Germany opens NSA spy probe amid calls to deliver Snowden to testify
Parliamentary hearings into the scandal involving NSA spying on Germany have started. Some members of the investigative committee have suggested bringing in the document leaker Edward Snowden himself to testify. Some expect this to anger Washington.
The Bundestag presented the evidence on Thursday, as German public anger over America’s blatant violations of German sovereignty vents steam. But some are already speculating what the result of the hearings will mean in practical terms, for German-US relations. And what political fallout will ensue by inviting Snowden to Berlin?
Fresh revelations regarding the NSA’s activities in Germany continue to pour in amid outcries from the German people. Der Spiegel magazine has published further Snowden leaks recently, among them the revelation that the Americans compiled a comprehensive dossier on Merkel, which included over 300 intelligence reports. Apparently, the NSA database contains information obtained during surveillance of over a hundred world leaders.
What’s more, the magazine detailed how British secret services also played a part in all this, by hacking into German internet companies.
Clemense Binninger, who is tasked with leading the eight-person investigative committee, does not expect the US to help much in clearing up the surveillance allegations, and believes attempts to formulate a Washington-Berlin no-spy agreement have come to a complete halt, Deustsche Welle reports. Questions the German government sent to the US government have likewise not received a reply – and the head of the committee doesn’t see this changing anytime soon. But Binninger, who is a member of Chancellor Angela Merkel’s Christian Democratic Union party, said “mass surveillance of citizens will not be tolerated.”
The committee chair believes getting at least some response from the Americans would be “an important step forward to restoring trust.” However, this is where their power ends, as the committee can do little more than examine evidence. They can neither compel the US or Britain to play a more active role in helping, nor do they have the authority to summon foreign witnesses to Germany to testify.
And this is where the disagreements arise. Konstantin von Notz of the Green Party first filed a motion to subpoena Snowden and get him to Berlin for a testimony. Given Snowden’s key role nine months ago in leaking the history-changing documents, this is seen as a matter of paramount importance.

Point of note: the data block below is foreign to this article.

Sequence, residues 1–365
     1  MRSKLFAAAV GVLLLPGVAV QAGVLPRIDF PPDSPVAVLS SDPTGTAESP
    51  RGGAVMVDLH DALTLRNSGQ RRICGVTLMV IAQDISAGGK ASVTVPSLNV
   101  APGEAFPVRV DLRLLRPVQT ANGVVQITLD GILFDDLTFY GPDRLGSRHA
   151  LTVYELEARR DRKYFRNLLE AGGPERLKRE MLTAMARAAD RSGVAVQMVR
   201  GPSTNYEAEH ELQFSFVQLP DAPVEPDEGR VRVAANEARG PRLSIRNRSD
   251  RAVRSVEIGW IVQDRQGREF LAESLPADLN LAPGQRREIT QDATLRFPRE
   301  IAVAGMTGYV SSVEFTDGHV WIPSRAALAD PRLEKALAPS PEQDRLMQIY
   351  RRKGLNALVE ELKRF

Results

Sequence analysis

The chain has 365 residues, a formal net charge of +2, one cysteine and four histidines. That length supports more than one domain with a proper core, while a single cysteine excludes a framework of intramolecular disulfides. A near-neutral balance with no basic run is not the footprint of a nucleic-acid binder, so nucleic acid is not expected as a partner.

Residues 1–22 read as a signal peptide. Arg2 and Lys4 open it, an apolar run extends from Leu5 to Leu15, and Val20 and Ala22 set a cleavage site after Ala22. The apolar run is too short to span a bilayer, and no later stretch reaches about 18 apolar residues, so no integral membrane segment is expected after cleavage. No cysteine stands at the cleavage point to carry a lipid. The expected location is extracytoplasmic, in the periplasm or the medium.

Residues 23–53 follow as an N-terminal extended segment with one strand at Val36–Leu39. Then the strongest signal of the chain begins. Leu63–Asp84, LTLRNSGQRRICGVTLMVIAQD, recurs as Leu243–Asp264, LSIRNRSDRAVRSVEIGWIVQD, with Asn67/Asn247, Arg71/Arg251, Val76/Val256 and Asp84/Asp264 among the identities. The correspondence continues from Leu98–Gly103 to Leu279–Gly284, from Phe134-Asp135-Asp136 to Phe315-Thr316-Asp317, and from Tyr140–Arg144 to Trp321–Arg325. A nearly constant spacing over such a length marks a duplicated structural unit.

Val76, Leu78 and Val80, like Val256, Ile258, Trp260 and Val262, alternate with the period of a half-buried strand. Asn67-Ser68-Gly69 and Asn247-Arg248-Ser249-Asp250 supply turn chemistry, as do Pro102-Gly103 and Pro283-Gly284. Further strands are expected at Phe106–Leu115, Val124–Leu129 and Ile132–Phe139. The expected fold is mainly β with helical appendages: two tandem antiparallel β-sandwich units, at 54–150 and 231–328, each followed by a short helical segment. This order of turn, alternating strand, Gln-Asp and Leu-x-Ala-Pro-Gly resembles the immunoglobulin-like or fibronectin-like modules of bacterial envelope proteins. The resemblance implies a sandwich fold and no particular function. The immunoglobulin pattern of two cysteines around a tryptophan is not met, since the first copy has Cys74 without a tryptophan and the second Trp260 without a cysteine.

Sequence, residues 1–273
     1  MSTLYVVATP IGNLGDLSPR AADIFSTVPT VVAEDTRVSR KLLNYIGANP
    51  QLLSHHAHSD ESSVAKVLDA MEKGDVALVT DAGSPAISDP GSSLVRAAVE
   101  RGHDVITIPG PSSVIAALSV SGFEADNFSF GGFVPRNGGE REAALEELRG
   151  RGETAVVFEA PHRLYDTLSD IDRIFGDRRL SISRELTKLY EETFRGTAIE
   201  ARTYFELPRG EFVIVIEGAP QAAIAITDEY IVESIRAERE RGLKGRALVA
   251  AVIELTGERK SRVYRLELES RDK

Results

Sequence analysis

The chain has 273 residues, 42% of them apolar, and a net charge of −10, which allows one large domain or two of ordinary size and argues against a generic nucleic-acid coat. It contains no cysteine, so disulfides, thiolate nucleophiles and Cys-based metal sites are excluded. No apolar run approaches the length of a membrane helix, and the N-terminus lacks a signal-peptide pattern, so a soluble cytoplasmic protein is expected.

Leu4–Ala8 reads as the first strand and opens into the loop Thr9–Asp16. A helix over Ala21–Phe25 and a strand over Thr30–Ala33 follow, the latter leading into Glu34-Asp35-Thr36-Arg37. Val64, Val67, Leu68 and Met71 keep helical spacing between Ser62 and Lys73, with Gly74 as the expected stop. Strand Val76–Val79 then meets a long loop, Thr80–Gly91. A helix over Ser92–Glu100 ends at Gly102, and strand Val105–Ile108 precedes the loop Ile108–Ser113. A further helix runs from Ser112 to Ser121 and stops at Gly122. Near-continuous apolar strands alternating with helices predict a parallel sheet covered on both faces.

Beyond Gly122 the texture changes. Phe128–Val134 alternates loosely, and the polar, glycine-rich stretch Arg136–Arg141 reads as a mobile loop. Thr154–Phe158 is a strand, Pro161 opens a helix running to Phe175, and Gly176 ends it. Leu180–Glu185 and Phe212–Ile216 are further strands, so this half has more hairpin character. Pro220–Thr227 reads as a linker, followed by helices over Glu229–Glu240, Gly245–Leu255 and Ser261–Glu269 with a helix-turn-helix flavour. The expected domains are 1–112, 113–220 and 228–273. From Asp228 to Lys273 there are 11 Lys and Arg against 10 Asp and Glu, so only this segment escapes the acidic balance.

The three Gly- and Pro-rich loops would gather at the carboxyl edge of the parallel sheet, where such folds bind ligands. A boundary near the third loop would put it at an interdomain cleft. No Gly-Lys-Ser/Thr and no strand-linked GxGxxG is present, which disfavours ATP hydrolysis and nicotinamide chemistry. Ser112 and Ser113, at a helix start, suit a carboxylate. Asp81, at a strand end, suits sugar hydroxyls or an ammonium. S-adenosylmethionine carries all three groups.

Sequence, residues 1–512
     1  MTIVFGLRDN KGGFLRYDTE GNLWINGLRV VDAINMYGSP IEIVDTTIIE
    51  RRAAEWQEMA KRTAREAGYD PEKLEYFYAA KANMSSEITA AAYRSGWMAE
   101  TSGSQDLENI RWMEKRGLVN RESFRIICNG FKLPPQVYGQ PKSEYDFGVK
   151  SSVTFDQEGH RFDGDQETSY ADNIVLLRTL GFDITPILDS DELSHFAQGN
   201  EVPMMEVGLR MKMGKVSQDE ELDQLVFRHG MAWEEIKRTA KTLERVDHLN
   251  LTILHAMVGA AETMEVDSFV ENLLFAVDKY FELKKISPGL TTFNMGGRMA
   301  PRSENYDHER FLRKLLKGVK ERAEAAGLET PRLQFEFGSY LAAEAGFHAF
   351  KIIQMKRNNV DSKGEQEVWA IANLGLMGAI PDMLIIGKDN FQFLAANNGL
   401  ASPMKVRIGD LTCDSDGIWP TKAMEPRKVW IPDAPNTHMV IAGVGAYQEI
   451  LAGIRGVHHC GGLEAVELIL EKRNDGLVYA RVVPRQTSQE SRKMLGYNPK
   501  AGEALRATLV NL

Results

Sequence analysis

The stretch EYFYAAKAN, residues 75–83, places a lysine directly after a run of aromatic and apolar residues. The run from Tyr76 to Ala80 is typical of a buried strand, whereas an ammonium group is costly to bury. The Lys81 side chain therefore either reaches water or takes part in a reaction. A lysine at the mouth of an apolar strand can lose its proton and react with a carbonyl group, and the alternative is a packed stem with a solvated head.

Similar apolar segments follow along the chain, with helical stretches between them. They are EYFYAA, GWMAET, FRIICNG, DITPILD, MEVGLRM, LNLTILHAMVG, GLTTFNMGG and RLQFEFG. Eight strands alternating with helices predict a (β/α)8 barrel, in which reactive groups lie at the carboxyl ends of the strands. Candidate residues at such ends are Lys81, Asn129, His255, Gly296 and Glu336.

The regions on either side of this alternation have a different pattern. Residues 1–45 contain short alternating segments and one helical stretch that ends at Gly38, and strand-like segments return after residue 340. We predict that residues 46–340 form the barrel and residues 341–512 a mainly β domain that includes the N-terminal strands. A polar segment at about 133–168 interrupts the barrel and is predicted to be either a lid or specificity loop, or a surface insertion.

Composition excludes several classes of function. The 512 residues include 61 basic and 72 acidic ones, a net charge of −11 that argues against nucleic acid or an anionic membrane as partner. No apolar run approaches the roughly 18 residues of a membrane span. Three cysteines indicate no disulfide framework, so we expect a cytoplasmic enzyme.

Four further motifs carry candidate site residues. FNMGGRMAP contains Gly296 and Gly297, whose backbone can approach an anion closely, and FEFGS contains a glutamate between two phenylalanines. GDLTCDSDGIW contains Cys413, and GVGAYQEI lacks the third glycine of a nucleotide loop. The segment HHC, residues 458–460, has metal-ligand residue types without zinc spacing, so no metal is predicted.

And Snowden is willing to testify, as von Notz’s Green Party colleagues visiting the former NSA contractor in Moscow found out. But Binninger himself isn’t sure how much help he could offer, since the computer wizard himself said he doesn’t know much more than what is being revealed. And it’s been said that his answers to earlier questions by the EP were quite general.
Other members of the committee are just as serious about getting Snowden’s take on the NSA’s role in the surveillance on the German political apparatus. Patrick Sensburg, an MP from the CDU, suggested that some document exchange be facilitated between cooperating journalists as a substitute for Snowden traveling to Berlin.
Others are pressing harder for direct talks with Snowden. Martina Renner of the Left Party believes the “knowledge in Snowden’s head” can only be accessed by direct questioning.
The inquiry will be very thorough, and German politicians expect to spend two more months studying documents before a decision on summoning Snowden is reached. But even then, the time frame for actually getting Snowden there has been set at two years; it’s difficult at the moment to see where Snowden’s place in the inquiry will be.
And they would have other things to consider, namely – would it be wise to risk a limited testimony from Snowden over further souring relations with the West, who have an arrest warrant out for the document leaker and readily accuse anyone of colluding with the enemy if Snowden’s name is so much as mentioned?
A top German prosecutor is also deciding whether to open a full-scale criminal investigation against the NSA – another way to go about the issue.
Some, though, think that this is unlikely, because it would contribute to increasing German-US tensions at a time when both are trying to stir up a unified effort against Russia for its alleged actions in Ukraine.
In either case, the committee has said that its inquiry will also deal with the broader questions of intelligence work, such as what the limitations on international cooperation are, what the US is allowed to do regarding Germany, how deep did the knowledge of NSA snooping on German officials run in domestic circles, and others.
Benninger also believes that a discussion on the place of data gathering on citizens in today’s world will be beneficial for redirecting the focus from all-out data-mining to more streamlined identity checks.